A few weeks ago, Kat wrote about a moment during one of our games when I stepped up on a soapbox of sorts. We were in the midst of a round of zip zap boing, and I paused the game to chide the women toward unifying their voices and their bodies, encouraging them to practice strong vocalization combined with strong gesture toward the goal of effective communication.

It can be difficult at times to verbalize how and why the games we play are important and effective tools to train communication skills. When we practice making large, sweeping gestures and loud, resonant sounds, we practice expressing ourselves with conviction. We leave little room to be misunderstood. We are not expressing ambivalence. We are announcing and affirming our physical presence in a space and demanding to be both seen and heard. This takes courage, it takes confidence, and it takes conviction.

We’ve had a full few weeks, with a visit to the PRIDE women in Del Valle by Fulbright scholar R. Purnima, who taught the women a song with a haunting melody from Mysore and shared her experience of creating performance work in prisons in India. We also led an Expressing Creativity workshop, focused on exploring dreams, for women incarcerated in Lockhart, Texas, through Truth Be Told.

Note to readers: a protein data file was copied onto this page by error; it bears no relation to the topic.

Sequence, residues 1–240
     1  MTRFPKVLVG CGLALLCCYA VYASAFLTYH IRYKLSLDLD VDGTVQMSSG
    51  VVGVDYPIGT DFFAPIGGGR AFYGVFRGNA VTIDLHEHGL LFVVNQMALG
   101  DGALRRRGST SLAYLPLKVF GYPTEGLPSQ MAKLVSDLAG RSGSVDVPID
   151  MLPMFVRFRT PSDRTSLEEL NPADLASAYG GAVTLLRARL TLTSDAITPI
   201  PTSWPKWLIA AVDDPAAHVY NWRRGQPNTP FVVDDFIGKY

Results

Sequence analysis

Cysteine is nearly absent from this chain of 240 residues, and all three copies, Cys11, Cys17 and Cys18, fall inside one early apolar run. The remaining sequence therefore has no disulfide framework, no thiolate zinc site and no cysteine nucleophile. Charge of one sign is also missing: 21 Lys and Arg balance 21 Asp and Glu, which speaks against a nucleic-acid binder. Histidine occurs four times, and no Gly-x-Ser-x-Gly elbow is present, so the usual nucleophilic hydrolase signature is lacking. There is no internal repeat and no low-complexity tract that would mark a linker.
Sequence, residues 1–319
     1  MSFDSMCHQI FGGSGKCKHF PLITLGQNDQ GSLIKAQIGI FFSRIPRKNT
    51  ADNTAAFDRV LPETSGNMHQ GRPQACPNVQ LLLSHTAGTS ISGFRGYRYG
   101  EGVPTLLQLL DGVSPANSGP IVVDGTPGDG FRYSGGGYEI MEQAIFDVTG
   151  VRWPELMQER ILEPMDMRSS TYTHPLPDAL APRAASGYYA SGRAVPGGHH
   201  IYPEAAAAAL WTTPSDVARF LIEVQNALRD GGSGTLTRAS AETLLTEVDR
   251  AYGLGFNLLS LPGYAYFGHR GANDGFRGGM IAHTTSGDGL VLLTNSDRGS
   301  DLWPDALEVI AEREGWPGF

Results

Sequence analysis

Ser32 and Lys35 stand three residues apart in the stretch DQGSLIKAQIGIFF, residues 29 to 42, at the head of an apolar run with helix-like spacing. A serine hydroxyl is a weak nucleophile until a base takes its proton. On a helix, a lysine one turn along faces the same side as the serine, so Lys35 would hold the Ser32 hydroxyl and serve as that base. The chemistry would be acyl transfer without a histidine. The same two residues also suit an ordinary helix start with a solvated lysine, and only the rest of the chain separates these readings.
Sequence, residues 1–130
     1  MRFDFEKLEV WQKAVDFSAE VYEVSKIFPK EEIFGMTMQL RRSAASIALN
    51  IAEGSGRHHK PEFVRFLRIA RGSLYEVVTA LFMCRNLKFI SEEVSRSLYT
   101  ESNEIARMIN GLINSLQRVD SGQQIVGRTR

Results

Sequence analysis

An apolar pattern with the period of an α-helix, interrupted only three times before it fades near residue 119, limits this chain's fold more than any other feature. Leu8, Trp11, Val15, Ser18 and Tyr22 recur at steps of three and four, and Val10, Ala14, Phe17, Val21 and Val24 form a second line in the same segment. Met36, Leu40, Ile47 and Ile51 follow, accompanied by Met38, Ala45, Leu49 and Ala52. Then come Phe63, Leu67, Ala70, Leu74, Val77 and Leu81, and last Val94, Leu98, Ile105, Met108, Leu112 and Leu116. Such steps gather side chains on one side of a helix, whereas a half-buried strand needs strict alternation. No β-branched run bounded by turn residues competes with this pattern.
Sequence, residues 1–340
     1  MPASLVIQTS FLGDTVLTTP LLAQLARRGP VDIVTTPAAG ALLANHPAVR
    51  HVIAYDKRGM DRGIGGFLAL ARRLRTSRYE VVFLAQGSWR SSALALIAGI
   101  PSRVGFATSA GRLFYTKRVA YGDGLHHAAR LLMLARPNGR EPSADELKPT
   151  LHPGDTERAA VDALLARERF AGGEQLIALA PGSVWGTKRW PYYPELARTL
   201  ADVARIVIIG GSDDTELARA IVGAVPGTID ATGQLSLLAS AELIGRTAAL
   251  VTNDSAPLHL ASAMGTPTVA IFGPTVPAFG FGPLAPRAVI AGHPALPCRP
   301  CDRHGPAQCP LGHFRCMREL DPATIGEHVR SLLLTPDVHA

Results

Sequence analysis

Each of these sharings has created space for laughter, for community-building, for women to explore their highest ideas of who they are and who they want to be, not limited to or by their current circumstances. In our rendition of Michael Rohd’s well-played game “Minefield” in Lockhart, we identified a dream and explored obstacles to achieving it. The dream chosen by the group of nearly twenty women was to travel to Paris—France or Texas, didn’t matter, just to any place called Paris! We littered the space with physical objects as well as people representing obstacles ranging from the parole officer to a shopping mall to reservations. One woman, eyes closed, was led through the “minefield” from one end to the other by another woman who told her where to move, how many steps to take, how big, etc. The dramatic tension was thick, and the entire room erupted in cheers when she finally made it to Paris, Anywhere!

These games make space for imagination, encourage laughter and fun, but they also train women to express themselves with conviction. I’ve been pondering this word for a few weeks now, and it is more than a little ironic to me that the women with whom we are working have been convicted (note the passive voice here! (and in reality, not all are serving sentences, some are awaiting court dates, and we don’t know details of their stories, but go with the metaphor!)) but they still need to learn, to practice, to rehearse expressing themselves with conviction.

According to one online dictionary, the first definition of “conviction” is “a fixed or firm belief.” Definition number three is the one that refers to incarceration. It is my hope for these women that their circumstance, or “state of conviction,” provides them the opportunity to define, refine, and practice expressing with clarity and confidence their own, individual values and beliefs.

–Meg Brooker


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